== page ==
This is generally classed as a milder form of mania.

Most definitions describe hypomania as including increased energy and activity levels that are not as severe as typical mania. The person may have episodes which last less than a week and do not require emergency care and during a hypomanic episode may feel very good, be highly productive, and function well. This person may not feel that anything is wrong even as family and friends recognize the mood swings as possible bipolar disorder. Without proper treatment, however, people with hypomania may develop severe mania or depression. The latter sentence strikes a chord because it was my hypomania that saw me admitting myself to hospital on two occasions. Another difference is that I rarely feel good when hypomanic, in fact I find it quite uncomfortable and feel the need to ‘’come down’’ – hence the self-medication.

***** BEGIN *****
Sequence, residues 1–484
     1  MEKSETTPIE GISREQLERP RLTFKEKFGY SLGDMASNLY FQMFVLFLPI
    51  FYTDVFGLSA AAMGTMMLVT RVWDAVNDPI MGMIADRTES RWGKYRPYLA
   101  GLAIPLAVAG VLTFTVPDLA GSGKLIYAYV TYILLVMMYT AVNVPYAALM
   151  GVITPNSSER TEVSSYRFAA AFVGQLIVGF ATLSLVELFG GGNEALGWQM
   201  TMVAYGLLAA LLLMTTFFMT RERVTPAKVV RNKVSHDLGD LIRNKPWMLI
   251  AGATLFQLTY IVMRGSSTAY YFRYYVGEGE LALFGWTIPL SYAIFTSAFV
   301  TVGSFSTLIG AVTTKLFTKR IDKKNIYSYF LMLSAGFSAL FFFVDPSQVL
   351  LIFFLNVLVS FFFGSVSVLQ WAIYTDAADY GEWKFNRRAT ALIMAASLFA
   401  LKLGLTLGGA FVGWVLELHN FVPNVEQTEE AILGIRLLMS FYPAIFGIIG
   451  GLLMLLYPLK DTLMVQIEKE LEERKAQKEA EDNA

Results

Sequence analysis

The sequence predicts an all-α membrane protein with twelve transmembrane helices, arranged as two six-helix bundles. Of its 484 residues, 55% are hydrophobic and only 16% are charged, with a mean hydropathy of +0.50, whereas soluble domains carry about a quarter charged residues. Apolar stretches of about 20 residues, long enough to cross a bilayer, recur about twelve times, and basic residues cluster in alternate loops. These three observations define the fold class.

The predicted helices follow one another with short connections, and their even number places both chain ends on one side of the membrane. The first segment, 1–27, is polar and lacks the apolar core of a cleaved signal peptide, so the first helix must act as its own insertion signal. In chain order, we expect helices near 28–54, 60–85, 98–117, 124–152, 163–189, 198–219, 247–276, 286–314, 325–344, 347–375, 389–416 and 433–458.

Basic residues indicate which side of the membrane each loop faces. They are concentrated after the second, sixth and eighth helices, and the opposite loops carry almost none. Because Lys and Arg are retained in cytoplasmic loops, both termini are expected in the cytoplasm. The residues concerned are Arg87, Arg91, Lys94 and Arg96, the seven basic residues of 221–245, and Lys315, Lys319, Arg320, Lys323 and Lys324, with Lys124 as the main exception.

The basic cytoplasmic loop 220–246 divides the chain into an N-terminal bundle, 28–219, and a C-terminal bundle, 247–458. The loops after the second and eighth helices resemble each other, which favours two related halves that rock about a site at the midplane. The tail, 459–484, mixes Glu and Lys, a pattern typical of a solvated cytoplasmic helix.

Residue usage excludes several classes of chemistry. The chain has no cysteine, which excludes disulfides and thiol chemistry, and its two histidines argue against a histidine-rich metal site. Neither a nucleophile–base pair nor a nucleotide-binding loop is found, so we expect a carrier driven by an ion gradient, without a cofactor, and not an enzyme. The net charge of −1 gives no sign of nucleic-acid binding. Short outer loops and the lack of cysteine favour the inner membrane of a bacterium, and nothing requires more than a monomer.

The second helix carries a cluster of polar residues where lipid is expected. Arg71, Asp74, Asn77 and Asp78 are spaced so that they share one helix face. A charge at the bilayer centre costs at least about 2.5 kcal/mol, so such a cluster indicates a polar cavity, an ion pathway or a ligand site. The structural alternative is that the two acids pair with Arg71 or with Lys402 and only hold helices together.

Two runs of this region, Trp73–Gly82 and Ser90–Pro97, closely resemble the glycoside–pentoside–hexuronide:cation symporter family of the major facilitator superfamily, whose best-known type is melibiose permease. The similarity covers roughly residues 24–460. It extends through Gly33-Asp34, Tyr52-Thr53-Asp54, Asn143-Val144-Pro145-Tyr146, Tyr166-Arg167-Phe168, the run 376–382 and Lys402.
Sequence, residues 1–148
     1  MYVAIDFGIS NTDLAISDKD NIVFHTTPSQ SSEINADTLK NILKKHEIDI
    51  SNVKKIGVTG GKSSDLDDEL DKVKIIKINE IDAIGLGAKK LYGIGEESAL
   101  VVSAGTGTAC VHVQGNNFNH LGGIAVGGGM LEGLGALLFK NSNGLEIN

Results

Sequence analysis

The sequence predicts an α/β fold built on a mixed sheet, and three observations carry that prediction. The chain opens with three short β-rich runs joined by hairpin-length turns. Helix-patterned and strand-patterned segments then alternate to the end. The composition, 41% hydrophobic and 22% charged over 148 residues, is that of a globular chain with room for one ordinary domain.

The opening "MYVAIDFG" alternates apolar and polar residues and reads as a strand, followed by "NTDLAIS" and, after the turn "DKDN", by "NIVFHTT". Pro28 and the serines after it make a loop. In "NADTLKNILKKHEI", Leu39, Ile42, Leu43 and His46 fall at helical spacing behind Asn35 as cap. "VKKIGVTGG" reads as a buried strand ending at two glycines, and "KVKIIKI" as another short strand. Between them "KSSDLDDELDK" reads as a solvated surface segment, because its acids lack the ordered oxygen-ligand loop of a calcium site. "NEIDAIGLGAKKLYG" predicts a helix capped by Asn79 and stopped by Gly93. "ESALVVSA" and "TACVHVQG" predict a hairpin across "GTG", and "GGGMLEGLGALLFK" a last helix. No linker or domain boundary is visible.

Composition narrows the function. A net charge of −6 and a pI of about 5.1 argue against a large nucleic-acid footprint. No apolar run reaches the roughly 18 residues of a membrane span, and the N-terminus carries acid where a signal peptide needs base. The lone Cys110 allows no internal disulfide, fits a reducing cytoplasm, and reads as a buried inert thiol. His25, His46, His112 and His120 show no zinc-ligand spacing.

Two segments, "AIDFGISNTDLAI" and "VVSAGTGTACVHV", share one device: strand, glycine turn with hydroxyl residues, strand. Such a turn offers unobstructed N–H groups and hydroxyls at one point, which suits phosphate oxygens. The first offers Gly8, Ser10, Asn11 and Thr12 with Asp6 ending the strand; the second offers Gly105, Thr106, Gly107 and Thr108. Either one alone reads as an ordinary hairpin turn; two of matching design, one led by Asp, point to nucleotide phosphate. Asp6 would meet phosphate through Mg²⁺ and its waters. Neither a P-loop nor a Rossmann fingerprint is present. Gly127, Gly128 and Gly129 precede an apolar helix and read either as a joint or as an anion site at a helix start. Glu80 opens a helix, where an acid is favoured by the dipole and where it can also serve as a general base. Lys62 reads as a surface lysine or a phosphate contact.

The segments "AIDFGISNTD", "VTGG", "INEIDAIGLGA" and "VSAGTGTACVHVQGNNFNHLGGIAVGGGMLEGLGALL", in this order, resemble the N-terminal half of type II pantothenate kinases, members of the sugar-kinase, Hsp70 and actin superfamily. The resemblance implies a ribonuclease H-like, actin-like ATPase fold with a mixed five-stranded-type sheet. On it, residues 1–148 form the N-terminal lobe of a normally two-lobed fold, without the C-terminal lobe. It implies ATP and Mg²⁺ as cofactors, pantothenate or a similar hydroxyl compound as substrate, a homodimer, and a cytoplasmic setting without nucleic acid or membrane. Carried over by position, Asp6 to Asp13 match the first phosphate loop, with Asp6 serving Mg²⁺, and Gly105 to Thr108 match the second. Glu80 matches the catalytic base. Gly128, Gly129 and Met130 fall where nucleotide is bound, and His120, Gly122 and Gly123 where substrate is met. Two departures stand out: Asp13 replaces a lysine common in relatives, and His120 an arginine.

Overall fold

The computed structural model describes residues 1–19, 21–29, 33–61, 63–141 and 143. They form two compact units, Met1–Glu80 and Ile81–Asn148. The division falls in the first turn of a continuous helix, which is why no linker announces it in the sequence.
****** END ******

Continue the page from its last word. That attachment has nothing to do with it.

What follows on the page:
My book explains the forms hypomania take for me….and it’s not pleasant!

In short everything is too fast. The foot is constantly revving the accelerator.

I do not like mania of any degree. It reminds me of being vulnerable and out of control and how easy it is to end up in hospital. I do think if I take my medication and NEVER drink then I can control it and hopefully won’t be admitted again. That said I would have absolutely no shame if indeed I felt unable to cope at home and hospital was my only recourse.

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